Services for Captain Carroll LeFon…Neptunus Lex…were held Tuesday March 26 at Fort Rosencrans…I wasn’t there, but a large number of Lex’s blogfriends were present in addition to his family, colleagues, and real-life friends. The flyover was, appropriately, by a U.S. Navy F-18 and an ATAC Kfir.
There are now more than 1600 comments on this memorial thread, and another 200+ here…many of them quite eloquent, such as this one:
I will be there, in spirit… Not as an eagle, but as a badger
Many people have written tributes to Lex on their own blogs. Fuzzybear Lioness reposted a piece she wrote in 2008, on the occasion of Lex’s retirement from the Navy, in which she describes getting to know the Captain via blog and email and later meeting him in person. Well worth reading. Also, someone found a “Friday Musings” post from a few years back featuring Lex himself, on video.
My own selection of favorite Lex posts can be found here.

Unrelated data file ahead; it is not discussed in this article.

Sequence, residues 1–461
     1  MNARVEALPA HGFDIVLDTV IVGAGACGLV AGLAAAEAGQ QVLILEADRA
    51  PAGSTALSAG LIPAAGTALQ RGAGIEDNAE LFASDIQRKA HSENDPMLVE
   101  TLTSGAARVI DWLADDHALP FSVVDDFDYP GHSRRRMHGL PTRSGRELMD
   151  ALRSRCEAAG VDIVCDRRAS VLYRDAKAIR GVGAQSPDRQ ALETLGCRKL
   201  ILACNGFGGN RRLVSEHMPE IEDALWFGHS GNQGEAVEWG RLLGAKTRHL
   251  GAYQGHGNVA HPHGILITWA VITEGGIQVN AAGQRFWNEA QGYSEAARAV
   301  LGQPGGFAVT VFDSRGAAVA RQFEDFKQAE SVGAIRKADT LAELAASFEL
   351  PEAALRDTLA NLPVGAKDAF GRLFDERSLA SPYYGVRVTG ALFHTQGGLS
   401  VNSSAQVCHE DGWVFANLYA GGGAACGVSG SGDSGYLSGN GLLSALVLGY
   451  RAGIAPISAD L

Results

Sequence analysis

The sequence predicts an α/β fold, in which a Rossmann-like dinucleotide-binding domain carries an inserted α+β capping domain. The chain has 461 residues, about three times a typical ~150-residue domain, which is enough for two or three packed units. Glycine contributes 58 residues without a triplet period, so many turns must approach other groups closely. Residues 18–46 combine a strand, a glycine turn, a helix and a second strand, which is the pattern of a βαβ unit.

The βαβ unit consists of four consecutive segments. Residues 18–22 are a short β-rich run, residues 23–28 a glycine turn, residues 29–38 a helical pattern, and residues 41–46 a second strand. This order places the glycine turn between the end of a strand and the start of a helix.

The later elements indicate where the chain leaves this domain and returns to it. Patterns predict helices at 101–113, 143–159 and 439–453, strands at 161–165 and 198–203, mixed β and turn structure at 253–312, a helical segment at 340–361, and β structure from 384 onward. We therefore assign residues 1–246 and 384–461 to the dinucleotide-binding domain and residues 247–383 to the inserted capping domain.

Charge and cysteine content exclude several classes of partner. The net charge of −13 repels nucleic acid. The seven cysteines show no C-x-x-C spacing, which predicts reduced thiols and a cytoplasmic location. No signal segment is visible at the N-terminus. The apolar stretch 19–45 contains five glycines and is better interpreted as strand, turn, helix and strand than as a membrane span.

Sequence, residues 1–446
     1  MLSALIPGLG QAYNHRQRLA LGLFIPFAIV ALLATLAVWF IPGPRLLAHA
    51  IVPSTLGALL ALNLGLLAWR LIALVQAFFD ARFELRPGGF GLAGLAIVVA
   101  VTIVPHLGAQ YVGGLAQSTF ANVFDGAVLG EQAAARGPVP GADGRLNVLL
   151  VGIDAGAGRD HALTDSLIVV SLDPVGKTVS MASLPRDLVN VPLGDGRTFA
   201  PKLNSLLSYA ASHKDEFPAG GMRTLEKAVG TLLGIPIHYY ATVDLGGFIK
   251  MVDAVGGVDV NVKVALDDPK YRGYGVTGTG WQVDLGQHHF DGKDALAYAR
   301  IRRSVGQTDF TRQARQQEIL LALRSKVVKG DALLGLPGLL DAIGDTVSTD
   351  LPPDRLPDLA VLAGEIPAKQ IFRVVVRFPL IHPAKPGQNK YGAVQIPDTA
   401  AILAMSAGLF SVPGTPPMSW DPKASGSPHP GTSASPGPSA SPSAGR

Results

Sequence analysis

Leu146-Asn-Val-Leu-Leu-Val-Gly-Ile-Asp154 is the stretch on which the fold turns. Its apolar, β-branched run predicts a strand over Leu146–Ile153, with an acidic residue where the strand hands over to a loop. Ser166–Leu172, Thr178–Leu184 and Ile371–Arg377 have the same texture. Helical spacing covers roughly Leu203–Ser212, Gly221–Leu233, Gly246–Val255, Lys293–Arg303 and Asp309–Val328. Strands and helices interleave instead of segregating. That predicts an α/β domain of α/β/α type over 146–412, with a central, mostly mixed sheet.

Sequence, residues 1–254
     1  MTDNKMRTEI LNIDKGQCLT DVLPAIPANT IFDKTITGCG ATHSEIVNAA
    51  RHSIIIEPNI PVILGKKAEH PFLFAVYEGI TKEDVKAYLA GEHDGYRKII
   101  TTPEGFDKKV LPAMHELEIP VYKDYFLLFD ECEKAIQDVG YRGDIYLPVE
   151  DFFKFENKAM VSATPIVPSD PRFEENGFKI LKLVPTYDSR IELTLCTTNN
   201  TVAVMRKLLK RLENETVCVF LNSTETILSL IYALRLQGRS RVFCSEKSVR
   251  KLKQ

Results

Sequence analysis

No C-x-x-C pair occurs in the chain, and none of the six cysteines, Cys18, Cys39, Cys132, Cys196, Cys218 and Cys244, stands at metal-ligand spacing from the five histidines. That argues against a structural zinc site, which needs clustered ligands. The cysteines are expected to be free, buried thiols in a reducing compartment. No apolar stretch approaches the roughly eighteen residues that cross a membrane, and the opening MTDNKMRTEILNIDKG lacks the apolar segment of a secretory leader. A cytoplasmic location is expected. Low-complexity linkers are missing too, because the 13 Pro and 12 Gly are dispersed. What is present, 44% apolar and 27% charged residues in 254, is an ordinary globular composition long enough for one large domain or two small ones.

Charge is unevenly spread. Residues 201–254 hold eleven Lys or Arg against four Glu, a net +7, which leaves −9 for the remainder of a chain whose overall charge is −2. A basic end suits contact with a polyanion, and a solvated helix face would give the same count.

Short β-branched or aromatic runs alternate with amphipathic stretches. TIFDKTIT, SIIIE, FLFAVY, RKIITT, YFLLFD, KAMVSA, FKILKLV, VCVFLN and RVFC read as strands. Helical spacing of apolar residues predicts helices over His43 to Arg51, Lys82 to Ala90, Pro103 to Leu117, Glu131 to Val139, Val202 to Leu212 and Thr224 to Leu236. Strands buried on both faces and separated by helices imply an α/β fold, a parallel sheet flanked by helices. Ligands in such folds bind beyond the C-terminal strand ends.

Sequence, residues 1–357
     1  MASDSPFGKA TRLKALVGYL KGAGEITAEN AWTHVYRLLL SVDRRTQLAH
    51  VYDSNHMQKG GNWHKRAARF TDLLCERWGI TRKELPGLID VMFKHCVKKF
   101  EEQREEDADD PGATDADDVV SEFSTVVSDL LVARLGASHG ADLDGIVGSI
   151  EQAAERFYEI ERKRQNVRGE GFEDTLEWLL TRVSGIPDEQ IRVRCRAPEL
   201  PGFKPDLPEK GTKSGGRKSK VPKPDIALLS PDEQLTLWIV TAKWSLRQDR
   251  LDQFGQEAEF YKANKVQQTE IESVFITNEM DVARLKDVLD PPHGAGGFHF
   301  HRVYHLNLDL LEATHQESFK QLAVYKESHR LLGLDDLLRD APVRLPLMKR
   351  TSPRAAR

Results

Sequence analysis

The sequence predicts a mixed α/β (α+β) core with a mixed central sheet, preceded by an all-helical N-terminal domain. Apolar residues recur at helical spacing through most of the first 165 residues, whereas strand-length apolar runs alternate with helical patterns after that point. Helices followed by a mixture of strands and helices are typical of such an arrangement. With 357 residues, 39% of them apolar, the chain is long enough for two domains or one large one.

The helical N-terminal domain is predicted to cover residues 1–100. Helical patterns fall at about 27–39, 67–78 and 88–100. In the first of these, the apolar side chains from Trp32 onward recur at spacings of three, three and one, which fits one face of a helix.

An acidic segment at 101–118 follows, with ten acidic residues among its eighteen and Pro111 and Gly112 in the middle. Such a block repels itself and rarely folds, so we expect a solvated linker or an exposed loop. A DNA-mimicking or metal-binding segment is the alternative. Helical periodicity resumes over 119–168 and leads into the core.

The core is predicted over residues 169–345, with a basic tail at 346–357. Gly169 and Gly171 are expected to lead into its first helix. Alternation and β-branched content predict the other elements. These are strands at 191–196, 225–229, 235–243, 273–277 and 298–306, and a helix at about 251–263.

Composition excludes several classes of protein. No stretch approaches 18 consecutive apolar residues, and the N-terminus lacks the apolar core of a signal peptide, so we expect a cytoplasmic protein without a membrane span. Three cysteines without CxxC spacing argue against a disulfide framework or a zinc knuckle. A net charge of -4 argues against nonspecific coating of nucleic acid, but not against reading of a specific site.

A new blog, The Lexicans, has been formed in order to continue the great community that grew up at Neptunus Lex. Hopefully all Lexicans and recent Lex-discoverers will check it out. And I understand that the U.S. Naval Institute plans to publish in book form “Rhythms,” Lex’s book-in-progress about life on an aircraft carrier, and possibly the blog itself as well.
It was a pleasure reading you and learning from you, Lex, and it was an honor to be listed as a “Wingman” on your blogroll.
2 thoughts on “Hail and Farewell to Neptunus Lex”
David – thanks to you I learned about Lex – regrettably after his death but better late than never.
He was a tremendously talented man in his field with a self-deprecating sense of humor – a rare combination! His story – that you linked – of his daughter’s 14 year old friend’s visible disappointment upon learning that he wasn’t an actor in the movie Topgun – just a mere member of the unit upon which it was based – is priceless.
His post about seeing his friend die in an F5 from a simple misunderstanding in West Coast vs East Coast landing traditions – told me how – in his business going form “normal” to “catastrophe” was a second – told me he was humble to the dangers of his profession.
I hope for 2 things in re: Lex.
First, I hope that from his new vantage point he can look – and smile – at knowledge of all the people he affected in a positive way and second, that his family keep his blog up so latecomers like me can learn more about this fascinating man.
Lex really did create a remarkable community. It will be interesting to see how it does in his absence.
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